The Retford and Worksop Herald and North Notts Advertiser had been established due to a perceived dearth of Liberal newspapers in the area; other Liberal newspapers had been produced but were short-lived. However, the Retford and Worksop Herald and North Notts Advertiser proved a success, published in the Nottinghamshire market town of Retford, one of England’s oldest boroughs. Featuring advertisements, local and national news, serialized fiction, humourous skits and society news, this publication initially appeared every Saturday before switching to a Tuesday release day.
Meanwhile, we’ve not neglected our existing titles on The Archive this week. We’ve added new years to both the Daily and Sunday Mirror (both with the year 1946 added to our collection), as well as the year 1901 to the Cork Daily Herald. We also have updates to newspapers from the north and south of England, namely to the Halifax Evening Courier and the Eastbourne Chronicle.
Sci-Fi from 1911 – The Aerial Anarchists
In 1911 Walter R. Booth brought the third of his science fiction films – The Aerial Anarchists – to the big screen. Trade periodical Kinematograph Weekly previewed this futuristic and ultimately prophetic new film, describing it to cinema proprietors who may have wanted to show the feature to their audiences.
This thrilling and amazing film depicts with far more realism than could be conveyed by one pen of the imaginative novelists the horrors of warfare upon society if carried out by means of the latest development of mechanics – Aviation.
Put simply then, The Aerial Anarchists deals with a potential new type of warfare – bombing from the air – the aggressors in this case being the titular ‘anarchists.’ And Booth, in his ‘Urban Science’ (as it was called then) feature, was probably unaware of how soon his nightmare vision was to come to pass, with England facing German bombing raids just four years later.
And not only did The Aerial Anarchists deal with the threat of a new method of warfare, it also showed advancement in film technology, and thereby, the potential of film as a new method of entertainment. The Kinematograph Weekly writes of the film in October 1911:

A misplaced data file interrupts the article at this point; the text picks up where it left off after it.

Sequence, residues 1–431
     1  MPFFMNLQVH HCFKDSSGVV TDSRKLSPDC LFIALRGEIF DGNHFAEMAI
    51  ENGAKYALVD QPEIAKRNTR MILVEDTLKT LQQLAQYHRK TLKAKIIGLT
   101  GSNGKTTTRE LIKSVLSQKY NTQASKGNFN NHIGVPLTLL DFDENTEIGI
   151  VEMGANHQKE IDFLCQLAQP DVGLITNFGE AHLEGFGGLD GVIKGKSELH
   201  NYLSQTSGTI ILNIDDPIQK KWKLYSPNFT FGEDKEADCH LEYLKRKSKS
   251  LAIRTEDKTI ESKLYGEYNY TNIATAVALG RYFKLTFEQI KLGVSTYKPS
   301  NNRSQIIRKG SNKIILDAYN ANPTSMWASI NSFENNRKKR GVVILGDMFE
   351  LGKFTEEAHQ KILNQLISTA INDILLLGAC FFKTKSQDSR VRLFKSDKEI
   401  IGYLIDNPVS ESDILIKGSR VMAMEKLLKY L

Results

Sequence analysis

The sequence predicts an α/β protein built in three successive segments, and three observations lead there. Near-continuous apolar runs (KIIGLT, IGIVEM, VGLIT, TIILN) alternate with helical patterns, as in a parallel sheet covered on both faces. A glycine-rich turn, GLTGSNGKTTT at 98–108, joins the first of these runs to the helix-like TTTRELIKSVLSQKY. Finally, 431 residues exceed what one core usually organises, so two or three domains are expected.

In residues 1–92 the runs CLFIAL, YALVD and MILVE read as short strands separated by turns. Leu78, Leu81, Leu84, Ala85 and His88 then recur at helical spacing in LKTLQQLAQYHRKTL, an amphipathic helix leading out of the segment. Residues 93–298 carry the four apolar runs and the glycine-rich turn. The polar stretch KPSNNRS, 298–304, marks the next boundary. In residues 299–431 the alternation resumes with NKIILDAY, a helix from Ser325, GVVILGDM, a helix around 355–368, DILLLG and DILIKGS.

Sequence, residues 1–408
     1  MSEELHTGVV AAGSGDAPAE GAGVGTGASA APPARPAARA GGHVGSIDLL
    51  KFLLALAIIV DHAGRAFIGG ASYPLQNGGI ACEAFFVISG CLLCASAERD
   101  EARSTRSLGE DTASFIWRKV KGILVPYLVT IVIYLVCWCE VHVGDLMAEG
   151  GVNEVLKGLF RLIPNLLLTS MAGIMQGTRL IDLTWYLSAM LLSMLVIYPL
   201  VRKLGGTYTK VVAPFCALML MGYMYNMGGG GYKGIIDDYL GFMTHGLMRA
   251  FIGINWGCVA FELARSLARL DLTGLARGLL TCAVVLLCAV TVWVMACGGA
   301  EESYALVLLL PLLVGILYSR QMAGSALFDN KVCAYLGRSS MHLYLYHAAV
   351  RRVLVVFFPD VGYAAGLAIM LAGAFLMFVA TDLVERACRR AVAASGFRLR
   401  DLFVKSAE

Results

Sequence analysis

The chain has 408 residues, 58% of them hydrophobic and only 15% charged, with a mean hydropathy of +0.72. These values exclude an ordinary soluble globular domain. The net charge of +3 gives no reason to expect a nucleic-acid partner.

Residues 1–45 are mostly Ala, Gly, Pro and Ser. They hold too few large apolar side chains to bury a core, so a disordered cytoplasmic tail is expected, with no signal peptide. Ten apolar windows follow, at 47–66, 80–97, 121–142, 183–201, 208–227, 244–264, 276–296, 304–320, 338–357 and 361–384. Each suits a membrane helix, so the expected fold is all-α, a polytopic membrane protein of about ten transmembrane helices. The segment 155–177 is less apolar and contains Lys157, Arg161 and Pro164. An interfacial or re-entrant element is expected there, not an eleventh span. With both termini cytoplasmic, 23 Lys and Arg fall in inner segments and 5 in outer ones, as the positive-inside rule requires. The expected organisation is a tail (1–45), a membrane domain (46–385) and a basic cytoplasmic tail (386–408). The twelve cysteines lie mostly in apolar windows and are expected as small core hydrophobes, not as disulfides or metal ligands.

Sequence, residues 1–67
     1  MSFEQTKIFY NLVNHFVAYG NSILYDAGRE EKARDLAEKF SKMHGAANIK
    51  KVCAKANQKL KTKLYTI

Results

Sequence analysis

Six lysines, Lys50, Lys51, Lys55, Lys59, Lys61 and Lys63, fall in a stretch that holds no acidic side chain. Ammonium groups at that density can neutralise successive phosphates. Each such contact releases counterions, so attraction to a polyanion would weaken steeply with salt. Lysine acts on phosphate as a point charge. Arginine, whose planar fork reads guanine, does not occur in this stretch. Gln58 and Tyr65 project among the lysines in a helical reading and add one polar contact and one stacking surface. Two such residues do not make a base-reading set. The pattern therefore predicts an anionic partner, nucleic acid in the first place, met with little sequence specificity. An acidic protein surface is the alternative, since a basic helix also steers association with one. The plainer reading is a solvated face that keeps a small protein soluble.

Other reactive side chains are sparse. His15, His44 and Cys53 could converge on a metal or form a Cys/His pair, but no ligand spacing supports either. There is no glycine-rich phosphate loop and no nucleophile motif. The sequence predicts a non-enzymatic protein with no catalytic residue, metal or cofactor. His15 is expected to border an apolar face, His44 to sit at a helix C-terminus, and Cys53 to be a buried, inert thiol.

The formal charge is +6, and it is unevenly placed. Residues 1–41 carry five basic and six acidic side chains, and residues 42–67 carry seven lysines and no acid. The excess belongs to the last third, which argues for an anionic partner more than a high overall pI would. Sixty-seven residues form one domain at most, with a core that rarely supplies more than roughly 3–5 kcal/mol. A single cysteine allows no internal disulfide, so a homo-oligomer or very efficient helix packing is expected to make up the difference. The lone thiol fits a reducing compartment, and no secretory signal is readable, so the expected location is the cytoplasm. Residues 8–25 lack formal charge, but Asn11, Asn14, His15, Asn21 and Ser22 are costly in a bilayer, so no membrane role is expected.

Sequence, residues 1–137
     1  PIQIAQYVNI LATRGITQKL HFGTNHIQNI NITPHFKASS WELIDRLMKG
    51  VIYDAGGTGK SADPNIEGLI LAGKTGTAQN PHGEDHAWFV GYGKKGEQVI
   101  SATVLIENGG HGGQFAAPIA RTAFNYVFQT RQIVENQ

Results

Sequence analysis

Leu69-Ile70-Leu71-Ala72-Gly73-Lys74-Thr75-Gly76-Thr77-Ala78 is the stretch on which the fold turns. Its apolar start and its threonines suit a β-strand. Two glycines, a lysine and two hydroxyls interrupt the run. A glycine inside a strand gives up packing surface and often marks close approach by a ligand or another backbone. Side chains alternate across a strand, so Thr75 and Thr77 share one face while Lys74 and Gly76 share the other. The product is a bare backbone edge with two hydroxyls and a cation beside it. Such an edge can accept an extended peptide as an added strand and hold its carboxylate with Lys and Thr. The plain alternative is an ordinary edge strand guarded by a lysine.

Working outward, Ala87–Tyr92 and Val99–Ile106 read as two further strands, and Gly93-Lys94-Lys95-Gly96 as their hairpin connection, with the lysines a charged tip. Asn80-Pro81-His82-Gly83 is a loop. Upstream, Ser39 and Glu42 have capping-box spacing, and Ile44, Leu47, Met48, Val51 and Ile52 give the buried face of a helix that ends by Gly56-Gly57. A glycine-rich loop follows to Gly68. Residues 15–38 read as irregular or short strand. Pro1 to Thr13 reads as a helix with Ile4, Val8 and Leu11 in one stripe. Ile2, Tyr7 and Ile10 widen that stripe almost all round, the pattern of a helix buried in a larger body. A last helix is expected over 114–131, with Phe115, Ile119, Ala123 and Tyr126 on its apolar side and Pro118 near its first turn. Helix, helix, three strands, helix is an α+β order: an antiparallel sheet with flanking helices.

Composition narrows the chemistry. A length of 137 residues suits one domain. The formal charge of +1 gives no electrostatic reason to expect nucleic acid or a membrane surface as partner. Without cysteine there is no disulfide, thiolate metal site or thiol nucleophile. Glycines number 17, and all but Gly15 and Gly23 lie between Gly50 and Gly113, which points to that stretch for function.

There is always room in the picture theatre program for a subject such as this – an excursion into the realm of imaginative fiction. The moving picture can give so much more realistic an impression, than the printed page and the result of the exhibition of the film is to make the show talked about and excite wonder and interest – all of which is good for the pay box.
The film was particularly famous (or indeed infamous) for it showed an aerial attack on St Paul’s Cathedral. The Kinematograph Weekly describes how the ‘picture is a series of thrills from beginning to end, but the most extraordinary and vivid incidents are the bombardment of St Paul’s Cathedral from an aeroplane and a railway accident in which a train leaps into a chasm.’
Further detail is given of the railway ‘accident’ here:
The anarchists drop a bomb, which blows up a railway bridge. One train narrowly escapes destruction, but another rushes full speed into the chasm. The rescue scene is very vividly presented and was, we believe, photographed under actual conditions.
Booth’s picture managed to be a mix of the familiar and the futuristic, but all to soon would the future become familiar as his terrifying vision came to pass in the First and Second World Wars. But for the writers in Kinematograph Weekly, the film was destined to be a hit, and was already in ‘great demand’ before its release on 9 November 1911.
|Retford and Worksop Herald and North Notts Advertiser||1889, 1893-1897, 1899-1902, 1904-1911, 1913-1929|
|Winsford Chronicle||1942-1958, 1960-1963|
This week we have updated five of our existing titles.
You can learn more about each of the titles we add to every week by clicking on their names. On each paper’s title page, you can read a FREE sample issue, learn more about our current holdings, and our plans for digitisation.
|Daily Mirror||1946, 1976, 1997|
|Sunday Mirror||1946, 1953, 1956, 1964, 1976, 1986|
|Halifax Evening Courier||1931|
|Eastbourne Chronicle||1932-1949, 1951|
|Cork Daily Herald||1901|